Forum for Science, Industry and Business

Sponsored by:     3M 
Search our Site:

 

NASA sees Tropical Cyclone Bruce still wide-eyed

20.12.2013
Tropical Cyclone Bruce was still maintaining hurricane-force in the Southern Indian Ocean when NASA's Terra satellite passed over the eye of the storm.

The Moderate Resolution Imaging Spectroradiometer instrument known as MODIS takes amazing visible and infrared images of tropical cyclones, among other things, and captured a good look into the eye of Bruce on Dec. 19 at 03:41 UTC.


NASA's Terra satellite passed over the center of Tropical Cyclone Bruce on Dec. 19 at 03:40 UTC and the MODIS instrument captured this image, clearly showing an eye.

Credit: NRL/NASA

Although Bruce's eye seemed to have some high clouds, the eye was still visible. Also visible by MODIS were thick bands of thunderstorms wrapping around the storm's northern quadrant. Convection (rising air that forms the thunderstorms that make up a tropical cyclone) was seen strengthening around the eyewall.

On December 19 at 1500 UTC, Tropical Cyclone Bruce's maximum sustained winds were near 90 knots/103.6 mph/166.7 kph. Bruce was centered near 12.7 south and 90.7 east, about 330 nautical miles/379.8 miles/611.1 km west of Cocos Island, Australia. It was moving to the west-southwest at 10 knots/11.5 mph/18.5 kph.

Bruce is moving along the northern edge of an elongated area of subtropical high pressure and is expected to continue moving to the west-southwest for another three days according to the Joint Typhoon Warning Center.

Rob Gutro | EurekAlert!
Further information:
http://www.nasa.gov

Further reports about: Cyclone MODIS data NASA UTC infrared image tropical cyclone tropical diseases

More articles from Earth Sciences:

nachricht NASA examines Peru's deadly rainfall
24.03.2017 | NASA/Goddard Space Flight Center

nachricht Steep rise of the Bernese Alps
24.03.2017 | Universität Bern

All articles from Earth Sciences >>>

The most recent press releases about innovation >>>

Die letzten 5 Focus-News des innovations-reports im Überblick:

Im Focus: Giant Magnetic Fields in the Universe

Astronomers from Bonn and Tautenburg in Thuringia (Germany) used the 100-m radio telescope at Effelsberg to observe several galaxy clusters. At the edges of these large accumulations of dark matter, stellar systems (galaxies), hot gas, and charged particles, they found magnetic fields that are exceptionally ordered over distances of many million light years. This makes them the most extended magnetic fields in the universe known so far.

The results will be published on March 22 in the journal „Astronomy & Astrophysics“.

Galaxy clusters are the largest gravitationally bound structures in the universe. With a typical extent of about 10 million light years, i.e. 100 times the...

Im Focus: Tracing down linear ubiquitination

Researchers at the Goethe University Frankfurt, together with partners from the University of Tübingen in Germany and Queen Mary University as well as Francis Crick Institute from London (UK) have developed a novel technology to decipher the secret ubiquitin code.

Ubiquitin is a small protein that can be linked to other cellular proteins, thereby controlling and modulating their functions. The attachment occurs in many...

Im Focus: Perovskite edges can be tuned for optoelectronic performance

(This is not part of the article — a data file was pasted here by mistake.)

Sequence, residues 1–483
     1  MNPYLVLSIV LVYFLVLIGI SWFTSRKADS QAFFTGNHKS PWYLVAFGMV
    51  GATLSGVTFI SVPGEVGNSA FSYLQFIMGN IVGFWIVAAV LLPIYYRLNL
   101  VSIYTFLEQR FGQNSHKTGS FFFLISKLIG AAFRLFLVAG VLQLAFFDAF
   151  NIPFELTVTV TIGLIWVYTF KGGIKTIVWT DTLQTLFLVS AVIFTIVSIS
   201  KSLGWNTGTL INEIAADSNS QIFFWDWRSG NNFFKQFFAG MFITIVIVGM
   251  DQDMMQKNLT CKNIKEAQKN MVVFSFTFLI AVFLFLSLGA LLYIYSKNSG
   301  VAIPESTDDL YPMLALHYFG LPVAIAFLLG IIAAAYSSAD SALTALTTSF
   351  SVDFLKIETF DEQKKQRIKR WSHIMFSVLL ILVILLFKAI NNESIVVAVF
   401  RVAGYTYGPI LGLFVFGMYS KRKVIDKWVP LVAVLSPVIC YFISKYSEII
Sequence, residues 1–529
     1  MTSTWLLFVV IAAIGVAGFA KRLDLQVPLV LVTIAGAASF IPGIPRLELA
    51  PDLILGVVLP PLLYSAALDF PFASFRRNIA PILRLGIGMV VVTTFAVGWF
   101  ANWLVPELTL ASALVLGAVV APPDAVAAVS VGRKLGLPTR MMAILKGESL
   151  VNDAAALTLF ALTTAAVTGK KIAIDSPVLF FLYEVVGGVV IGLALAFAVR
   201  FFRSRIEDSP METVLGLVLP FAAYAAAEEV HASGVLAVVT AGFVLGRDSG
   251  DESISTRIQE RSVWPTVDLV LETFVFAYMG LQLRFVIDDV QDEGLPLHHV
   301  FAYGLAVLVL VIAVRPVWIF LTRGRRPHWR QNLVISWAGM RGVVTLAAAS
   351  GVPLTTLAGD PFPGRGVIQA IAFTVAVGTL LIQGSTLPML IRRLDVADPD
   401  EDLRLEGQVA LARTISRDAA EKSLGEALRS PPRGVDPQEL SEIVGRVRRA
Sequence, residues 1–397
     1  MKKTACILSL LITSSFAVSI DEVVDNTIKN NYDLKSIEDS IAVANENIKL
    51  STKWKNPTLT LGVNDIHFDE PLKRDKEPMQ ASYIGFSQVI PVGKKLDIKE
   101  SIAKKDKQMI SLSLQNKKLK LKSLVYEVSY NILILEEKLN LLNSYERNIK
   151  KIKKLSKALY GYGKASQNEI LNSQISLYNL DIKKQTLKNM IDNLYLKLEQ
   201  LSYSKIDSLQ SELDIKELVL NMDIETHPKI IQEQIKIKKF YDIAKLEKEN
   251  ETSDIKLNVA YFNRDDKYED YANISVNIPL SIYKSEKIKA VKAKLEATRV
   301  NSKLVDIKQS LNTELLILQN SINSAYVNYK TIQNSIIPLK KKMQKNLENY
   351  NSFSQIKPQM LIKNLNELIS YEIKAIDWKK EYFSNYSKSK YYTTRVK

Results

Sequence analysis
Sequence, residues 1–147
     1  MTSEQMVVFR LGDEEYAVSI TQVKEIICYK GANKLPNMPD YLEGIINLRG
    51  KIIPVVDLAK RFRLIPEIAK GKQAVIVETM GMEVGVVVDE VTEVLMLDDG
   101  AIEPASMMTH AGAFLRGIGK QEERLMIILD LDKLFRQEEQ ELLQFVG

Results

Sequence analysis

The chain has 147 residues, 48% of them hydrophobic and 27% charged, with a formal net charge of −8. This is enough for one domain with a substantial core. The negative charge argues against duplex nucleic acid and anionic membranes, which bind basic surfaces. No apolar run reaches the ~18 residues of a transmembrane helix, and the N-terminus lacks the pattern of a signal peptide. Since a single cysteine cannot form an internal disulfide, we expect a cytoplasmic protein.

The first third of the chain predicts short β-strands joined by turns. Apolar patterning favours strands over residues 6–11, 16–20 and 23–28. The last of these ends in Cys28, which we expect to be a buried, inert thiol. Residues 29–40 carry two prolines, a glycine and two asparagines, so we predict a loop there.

Layered 2D material improves efficiency for solar cells and LEDs

In the eternal search for next generation high-efficiency solar cells and LEDs, scientists at Los Alamos National Laboratory and their partners are creating...

Im Focus: Polymer-coated silicon nanosheets as alternative to graphene: A perfect team for nanoelectronics

Silicon nanosheets are thin, two-dimensional layers with exceptional optoelectronic properties very similar to those of graphene. Albeit, the nanosheets are less stable. Now researchers at the Technical University of Munich (TUM) have, for the first time ever, produced a composite material combining silicon nanosheets and a polymer that is both UV-resistant and easy to process. This brings the scientists a significant step closer to industrial applications like flexible displays and photosensors.

Silicon nanosheets are thin, two-dimensional layers with exceptional optoelectronic properties very similar to those of graphene. Albeit, the nanosheets are...

Im Focus: Researchers Imitate Molecular Crowding in Cells

Enzymes behave differently in a test tube compared with the molecular scrum of a living cell. Chemists from the University of Basel have now been able to simulate these confined natural conditions in artificial vesicles for the first time. As reported in the academic journal Small, the results are offering better insight into the development of nanoreactors and artificial organelles.

Enzymes behave differently in a test tube compared with the molecular scrum of a living cell. Chemists from the University of Basel have now been able to...

All Focus news of the innovation-report >>>

Anzeige

Anzeige

Event News

International Land Use Symposium ILUS 2017: Call for Abstracts and Registration open

20.03.2017 | Event News

CONNECT 2017: International congress on connective tissue

14.03.2017 | Event News

ICTM Conference: Turbine Construction between Big Data and Additive Manufacturing

07.03.2017 | Event News

 
Latest News

Argon is not the 'dope' for metallic hydrogen

24.03.2017 | Materials Sciences

Astronomers find unexpected, dust-obscured star formation in distant galaxy

24.03.2017 | Physics and Astronomy

Gravitational wave kicks monster black hole out of galactic core

24.03.2017 | Physics and Astronomy

VideoLinks
B2B-VideoLinks
More VideoLinks >>>